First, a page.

Dancing on the debt ceiling

The U.S. government is again coming up against its debt ceiling, but this time Congress may refuse to increase its credit limit.

Could the United States default? Treasury Secretary Timothy Geithner says it could happen as early as this spring. In January, he warned the U.S. Senate in writing that unless Congress acts swiftly, American soldiers deployed worldwide might stop receiving paycheques. Interest payments on U.S. Treasury bonds could cease, as might unemployment and Medicaid benefits to states. The fallout would make the collapse of Lehman Bros. seem like the closure of a corner pizzeria by comparison. “Even a very short-term or limited default would have catastrophic economic consequences that would last for decades,” Geithner wrote.

Geithner’s problem is that he’s nearly maxed out his line of credit. For almost a century, Congress, which has absolute power over all fiscal matters by virtue of the U.S. Constitution, has for nearly a century imposed a hard cap (also called the “debt ceiling”) on the amount of debt the Treasury can have outstanding. This statutory debt limit now stands at US$14.3 trillion — a level Geithner predicts will be reached sometime between April 5 and May 31. At that point he will be unable to issue bonds to meet America’s obligations.

Geithner wants more headroom. Unfortunately for him though, Republicans won a majority in the U.S. House of Representatives in November’s mid-term elections, and many — particularly those endorsed by the Tea Party movement — are spoiling to rein in government spending, and they see the debt ceiling as the fulcrum. In early January, Republican Sen. Jim DeMint called on fellow conservatives to just say no. “We need to have a showdown that we’re not going to raise our debt ceiling anymore,” he told Human Events, a conservative magazine, in an interview. “We are going to cut things necessary to stay within the current levels.”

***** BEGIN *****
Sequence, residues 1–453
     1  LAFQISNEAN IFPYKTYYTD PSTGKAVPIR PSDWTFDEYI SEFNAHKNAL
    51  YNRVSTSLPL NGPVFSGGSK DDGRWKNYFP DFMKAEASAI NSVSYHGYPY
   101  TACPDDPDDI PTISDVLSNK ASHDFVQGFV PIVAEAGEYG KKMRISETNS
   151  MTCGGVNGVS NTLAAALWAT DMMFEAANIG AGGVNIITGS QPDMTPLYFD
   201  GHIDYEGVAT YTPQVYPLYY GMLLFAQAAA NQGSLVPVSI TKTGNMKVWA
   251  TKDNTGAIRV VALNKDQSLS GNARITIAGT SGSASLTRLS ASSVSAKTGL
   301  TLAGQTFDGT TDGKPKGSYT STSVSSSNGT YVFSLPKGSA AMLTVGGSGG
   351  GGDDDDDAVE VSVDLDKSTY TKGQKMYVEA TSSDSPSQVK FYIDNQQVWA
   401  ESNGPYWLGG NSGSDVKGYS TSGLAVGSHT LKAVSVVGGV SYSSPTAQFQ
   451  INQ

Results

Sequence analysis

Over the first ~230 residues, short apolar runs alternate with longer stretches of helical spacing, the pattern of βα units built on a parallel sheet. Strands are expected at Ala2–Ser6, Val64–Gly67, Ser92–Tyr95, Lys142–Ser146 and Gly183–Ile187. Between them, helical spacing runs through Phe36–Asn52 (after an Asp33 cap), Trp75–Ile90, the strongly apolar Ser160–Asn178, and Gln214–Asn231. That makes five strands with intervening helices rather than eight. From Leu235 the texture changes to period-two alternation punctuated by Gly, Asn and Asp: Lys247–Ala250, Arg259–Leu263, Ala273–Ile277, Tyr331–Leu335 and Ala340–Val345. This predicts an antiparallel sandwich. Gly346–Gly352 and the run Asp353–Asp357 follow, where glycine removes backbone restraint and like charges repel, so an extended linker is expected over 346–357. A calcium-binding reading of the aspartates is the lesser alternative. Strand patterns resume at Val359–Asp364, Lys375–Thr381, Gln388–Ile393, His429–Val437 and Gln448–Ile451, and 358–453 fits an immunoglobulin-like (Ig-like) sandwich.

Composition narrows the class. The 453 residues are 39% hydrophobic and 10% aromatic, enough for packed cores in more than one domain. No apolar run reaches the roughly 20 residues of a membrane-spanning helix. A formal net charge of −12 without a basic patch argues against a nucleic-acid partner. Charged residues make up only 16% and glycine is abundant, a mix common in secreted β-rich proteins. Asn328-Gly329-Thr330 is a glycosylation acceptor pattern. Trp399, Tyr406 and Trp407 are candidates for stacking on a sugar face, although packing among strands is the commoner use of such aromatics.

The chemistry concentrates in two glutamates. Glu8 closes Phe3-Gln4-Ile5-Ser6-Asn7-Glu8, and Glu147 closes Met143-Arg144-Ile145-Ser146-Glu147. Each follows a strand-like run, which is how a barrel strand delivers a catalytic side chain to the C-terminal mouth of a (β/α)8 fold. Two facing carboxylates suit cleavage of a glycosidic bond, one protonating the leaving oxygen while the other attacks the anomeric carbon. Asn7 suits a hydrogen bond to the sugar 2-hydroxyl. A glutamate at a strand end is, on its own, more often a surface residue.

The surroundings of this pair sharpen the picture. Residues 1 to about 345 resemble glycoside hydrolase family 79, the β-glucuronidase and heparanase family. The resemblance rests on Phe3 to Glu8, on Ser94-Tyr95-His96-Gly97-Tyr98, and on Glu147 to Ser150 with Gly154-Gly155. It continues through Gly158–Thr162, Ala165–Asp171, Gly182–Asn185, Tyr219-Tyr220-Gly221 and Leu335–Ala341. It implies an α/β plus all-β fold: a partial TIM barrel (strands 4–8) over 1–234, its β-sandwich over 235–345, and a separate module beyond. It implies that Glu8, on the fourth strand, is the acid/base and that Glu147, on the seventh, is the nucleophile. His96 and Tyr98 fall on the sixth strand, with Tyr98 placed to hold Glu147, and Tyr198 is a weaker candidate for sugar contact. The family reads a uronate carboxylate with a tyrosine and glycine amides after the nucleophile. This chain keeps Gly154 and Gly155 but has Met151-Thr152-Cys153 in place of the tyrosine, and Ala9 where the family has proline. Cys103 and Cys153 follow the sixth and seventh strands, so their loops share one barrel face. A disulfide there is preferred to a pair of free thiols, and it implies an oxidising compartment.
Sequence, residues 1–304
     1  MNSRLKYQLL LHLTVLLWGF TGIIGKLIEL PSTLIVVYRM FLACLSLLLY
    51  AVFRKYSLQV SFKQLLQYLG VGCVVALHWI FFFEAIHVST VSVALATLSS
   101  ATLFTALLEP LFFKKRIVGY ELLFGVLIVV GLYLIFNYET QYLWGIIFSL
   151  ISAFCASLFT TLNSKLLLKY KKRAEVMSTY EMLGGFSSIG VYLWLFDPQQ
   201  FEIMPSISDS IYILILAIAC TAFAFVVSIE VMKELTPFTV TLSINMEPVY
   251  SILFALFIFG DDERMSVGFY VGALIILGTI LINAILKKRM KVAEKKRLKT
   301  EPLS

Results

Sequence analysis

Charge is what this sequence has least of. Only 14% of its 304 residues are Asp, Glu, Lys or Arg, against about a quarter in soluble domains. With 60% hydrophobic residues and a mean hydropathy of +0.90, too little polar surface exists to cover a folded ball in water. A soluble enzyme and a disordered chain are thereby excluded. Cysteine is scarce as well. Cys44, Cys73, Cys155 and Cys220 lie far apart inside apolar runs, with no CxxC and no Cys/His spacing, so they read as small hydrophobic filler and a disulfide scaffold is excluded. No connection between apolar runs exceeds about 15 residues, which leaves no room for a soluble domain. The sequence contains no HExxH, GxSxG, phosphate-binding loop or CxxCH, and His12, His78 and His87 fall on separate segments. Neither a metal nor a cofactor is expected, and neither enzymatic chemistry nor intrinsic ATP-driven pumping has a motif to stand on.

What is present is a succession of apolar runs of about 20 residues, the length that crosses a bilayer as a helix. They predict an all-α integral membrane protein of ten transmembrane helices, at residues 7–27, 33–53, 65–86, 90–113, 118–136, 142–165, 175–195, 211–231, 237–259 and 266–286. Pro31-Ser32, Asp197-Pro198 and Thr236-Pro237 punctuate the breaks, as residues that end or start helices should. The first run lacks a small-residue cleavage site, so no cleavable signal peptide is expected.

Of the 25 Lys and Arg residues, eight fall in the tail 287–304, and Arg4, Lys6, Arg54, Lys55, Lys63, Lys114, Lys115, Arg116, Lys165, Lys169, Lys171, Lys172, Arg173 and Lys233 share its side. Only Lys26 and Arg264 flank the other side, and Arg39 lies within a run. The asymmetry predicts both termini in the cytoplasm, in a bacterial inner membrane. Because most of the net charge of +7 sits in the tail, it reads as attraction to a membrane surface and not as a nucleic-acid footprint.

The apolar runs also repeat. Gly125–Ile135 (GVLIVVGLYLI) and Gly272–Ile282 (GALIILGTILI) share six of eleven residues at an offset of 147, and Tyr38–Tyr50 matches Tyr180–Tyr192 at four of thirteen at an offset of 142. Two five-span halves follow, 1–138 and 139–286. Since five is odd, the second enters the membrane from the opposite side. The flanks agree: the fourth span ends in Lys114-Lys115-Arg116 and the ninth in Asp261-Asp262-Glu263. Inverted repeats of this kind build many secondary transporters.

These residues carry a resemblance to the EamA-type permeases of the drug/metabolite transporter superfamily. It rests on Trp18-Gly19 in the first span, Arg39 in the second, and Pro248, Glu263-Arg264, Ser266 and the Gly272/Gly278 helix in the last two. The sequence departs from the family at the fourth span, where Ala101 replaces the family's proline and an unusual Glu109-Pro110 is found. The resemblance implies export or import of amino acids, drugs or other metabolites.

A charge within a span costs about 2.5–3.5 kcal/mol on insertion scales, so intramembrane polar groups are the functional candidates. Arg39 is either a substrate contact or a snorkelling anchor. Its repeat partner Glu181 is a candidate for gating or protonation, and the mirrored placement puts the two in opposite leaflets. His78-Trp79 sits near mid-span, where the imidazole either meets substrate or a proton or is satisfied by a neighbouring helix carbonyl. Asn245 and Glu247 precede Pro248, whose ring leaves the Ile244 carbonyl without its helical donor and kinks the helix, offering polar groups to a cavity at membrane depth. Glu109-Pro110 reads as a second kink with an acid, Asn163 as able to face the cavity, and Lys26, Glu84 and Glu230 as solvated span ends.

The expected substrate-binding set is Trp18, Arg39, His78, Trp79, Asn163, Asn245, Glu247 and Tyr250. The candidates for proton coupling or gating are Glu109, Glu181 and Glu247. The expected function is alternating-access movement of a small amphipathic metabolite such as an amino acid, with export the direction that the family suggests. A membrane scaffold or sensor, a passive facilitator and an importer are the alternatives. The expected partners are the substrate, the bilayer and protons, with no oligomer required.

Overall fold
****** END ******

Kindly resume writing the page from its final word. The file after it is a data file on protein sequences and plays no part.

Impossible, Geithner retorts. Although in years past the Treasury used extraordinary measures to forestall default while Congress bickered, this time such tactics would buy a few weeks at most, he claims. Even draconian cuts to federal spending wouldn’t do the trick. Indeed, recently the Congressional Budget Office declared that if current laws remain unchanged, the U.S. will rack up a staggering US$1.5 trillion deficit this year.

This might seem a historic moment, until one recognizes that many of his predecessors regularly wrote similar missives. The debt ceiling was introduced in 1917, at a time when America was issuing copious amounts of debt to finance its entrance into the First World War. The convention was to rack up debt only in times of war or serious economic crises, and to pay it down afterward. But after Second World War, repayment became exceedingly rare, necessitating frequent ceiling increases. By the 1980s, votes were sometimes just months apart. As Geithner wrote in his letter, “Never in our history has Congress failed to increase the debt limit when necessary.” Indeed, Congress raised the ceiling well over 70 times in the past half century. Nobody seems particularly worried about the votes — bond markets barely react.

But Alice Rivlin, a former Congressional Budget Office director who now works at the non-profit Brookings Institution in Washington, perceives a genuine risk that Geithner won’t get more credit this time. “We have new people in Congress who are very adamant about deficit reduction,” she says, “and not very sophisticated about the consequences of defaulting on the debt.” And even if Congress does raise the ceiling once again, these disputes will arrive more frequently — and likely prove harder fought — as America’s fiscal train accelerates out of control.